Sequester Forces Intel Agencies to Take More Risks, Chief Says

National Intelligence Director James Clapper National Intelligence Director James Clapper J. Scott Applewhite/AP File Photo

The nation’s top intelligence officer on Thursday said across-the-board budget cuts will likely continue for at least another year and are already forcing his agencies to take risks in doing without certain security-enhancing tools.

James Clapper, director of the Office of National Intelligence, spoke of “the three S’s -- sequestration, Snowden and Syria” -- to an audience of several hundred at a daylong conference of the Intelligence and National Security Alliance, a policy research group of retired officials and contractors.

In a talk heavily flavored by the ongoing impact of the leaks by former contractor Edward Snowden exposing the National Security Agency’s domestic surveillance activities, Clapper said today’s “diverse challenges present the worst array of threats I’ve seen in my 50 years.” He cited al Qaeda terrorism, the Boston Marathon bombing, sequestration, the Middle East, Syria and Snowden. “But we will respond to all of them and focus like a laser, despite all the distractions,” Clapper said.

Many people wrongly assume the 16 agencies that make up the intelligence community “were exempted from the sequester,” Clapper said. “And it’s not like longer lines at the airport or shorter hours at National Parks.” With cuts to intelligence agency analysts and capacity, “you can’t see or feel it for a long time -- it’s insidious,” he said. “Whatever you think of intelligence, you will have a lot less of it to complain about.”

He said his team is “trying to make smart choices to protect investments” rather than “apply the salami-slice approach.” One tenet is to “protect our most valuable asset—our people,” he said. But “we can’t sugarcoat it, in some areas we’re taking higher risks by being in the mode of ‘you can’t do that’ due to budget cuts.” In areas such as cutting money for acquisition programs, it might work for one year but it is not “sustainable,” he said.

Slamming Snowden as “not a whistleblower but a leaker,” Clapper said: “If there is a good side to this story, it’s that we’re having some conversations that needed to happen. We were already focused for the long-term on insider threat detection, but probably not with the intensity we have now.”

Describing the intel community’s long-term adoption of a single information technology enterprise, Clapper said the innovation -- originally savings-driven but now focused on enhancing security -- might have detected Snowden earlier if it had been fully operational. “What we spend on IT is amazing,” he added, noting sarcastically that his community’s budgets and congressional justifications since the Snowden revelations are now familiar to all.

But the system has its problems, he hinted. “We’re well past the euphoria of what a great idea this is and are now in the passive-resistance phase,” he said.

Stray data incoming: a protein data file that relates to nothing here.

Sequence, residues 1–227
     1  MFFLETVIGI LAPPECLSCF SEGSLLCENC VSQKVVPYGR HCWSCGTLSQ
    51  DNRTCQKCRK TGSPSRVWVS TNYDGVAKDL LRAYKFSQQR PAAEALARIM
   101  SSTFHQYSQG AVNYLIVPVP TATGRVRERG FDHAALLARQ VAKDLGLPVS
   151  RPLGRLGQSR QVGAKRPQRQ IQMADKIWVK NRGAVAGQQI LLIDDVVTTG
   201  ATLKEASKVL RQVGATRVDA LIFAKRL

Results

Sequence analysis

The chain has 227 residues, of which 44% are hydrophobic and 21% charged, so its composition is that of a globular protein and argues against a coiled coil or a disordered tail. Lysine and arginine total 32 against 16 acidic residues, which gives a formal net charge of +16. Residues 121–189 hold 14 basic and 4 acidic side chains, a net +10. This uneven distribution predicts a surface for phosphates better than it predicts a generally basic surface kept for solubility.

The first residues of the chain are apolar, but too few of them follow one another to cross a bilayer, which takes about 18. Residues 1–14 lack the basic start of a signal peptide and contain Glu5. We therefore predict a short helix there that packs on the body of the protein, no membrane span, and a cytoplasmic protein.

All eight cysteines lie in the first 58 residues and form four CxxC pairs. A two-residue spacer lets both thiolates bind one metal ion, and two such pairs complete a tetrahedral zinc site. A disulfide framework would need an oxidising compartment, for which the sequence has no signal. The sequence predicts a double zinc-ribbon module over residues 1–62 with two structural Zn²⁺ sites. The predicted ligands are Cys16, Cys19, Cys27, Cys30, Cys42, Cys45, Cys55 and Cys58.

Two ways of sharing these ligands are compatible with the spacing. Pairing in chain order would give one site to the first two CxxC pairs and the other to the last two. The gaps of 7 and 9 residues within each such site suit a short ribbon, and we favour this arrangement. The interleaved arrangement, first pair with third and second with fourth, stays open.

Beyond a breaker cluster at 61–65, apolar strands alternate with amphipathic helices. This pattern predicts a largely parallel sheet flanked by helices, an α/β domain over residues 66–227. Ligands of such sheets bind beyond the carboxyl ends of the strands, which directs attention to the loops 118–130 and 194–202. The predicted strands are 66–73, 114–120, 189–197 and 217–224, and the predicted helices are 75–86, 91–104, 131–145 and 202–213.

Another response to the Snowden affair, Clapper said, is the community’s need to accelerate security clearance refreshers for veteran employees. And the release this week of 1,800 pages of the Federal Intelligence Surveillance Court’s opinions on NSA domestic activities “refutes the allegation that the court is a rubber stamp for the NSA,” he added. He said he expects Congress to make some changes in surveillance law.

Transparency, Clapper said, is important to “restoring the confidence of the American people in intelligence and in their leaders. But our adversaries go to school on it, too.” He called the NSA “an honorable institution with a phenomenal workforce dedicated to conducting their mission lawfully.” They are “appalled by Snowden,” he said. The ex-contractor has made their “crucial work more difficult.”

Recent weeks for Clapper have been “all Syria, all the time,” he said. He cited with pride the community’s recent report on the Aug. 21 deployment of lethal chemical weapons against hundreds of Syrian civilians, saying it reflected “improved tradecraft, analytic integrity and the red-teaming” increasingly used since the 2002 national intelligence estimate on weapons of mass destruction in Iraq turned out to be off-base. “It’s a case of melding a collection of disciplines, with a heavy use of open sources,” he said.

Clapper spoke emotionally of the anniversary of the Sept. 11, 2001, terrorist attacks by “a dangerous and agile adversary.”

“We have reinvented ourselves and reconstituted the areas cut in the 1990s, repealing the peace dividend” the country enjoyed after the collapse of the Soviet Union, he said. Intelligence spending then was cut 22 percent. “We weren’t as connected as a community,” he said. But even today “integration of the intel community is a journey, not an end.”

In response to a moderator’s question, he said all in all the country is safer today and that the “huge investment” after 9/11 has paid off.

Like the Pearl Harbor attack of Dec. 7, 1941, Clapper said, people will remember 9/11 but they “won’t dwell on it like they used to. The most important factor to contemplate on 9/12 is the focus on the centrality of mission.”

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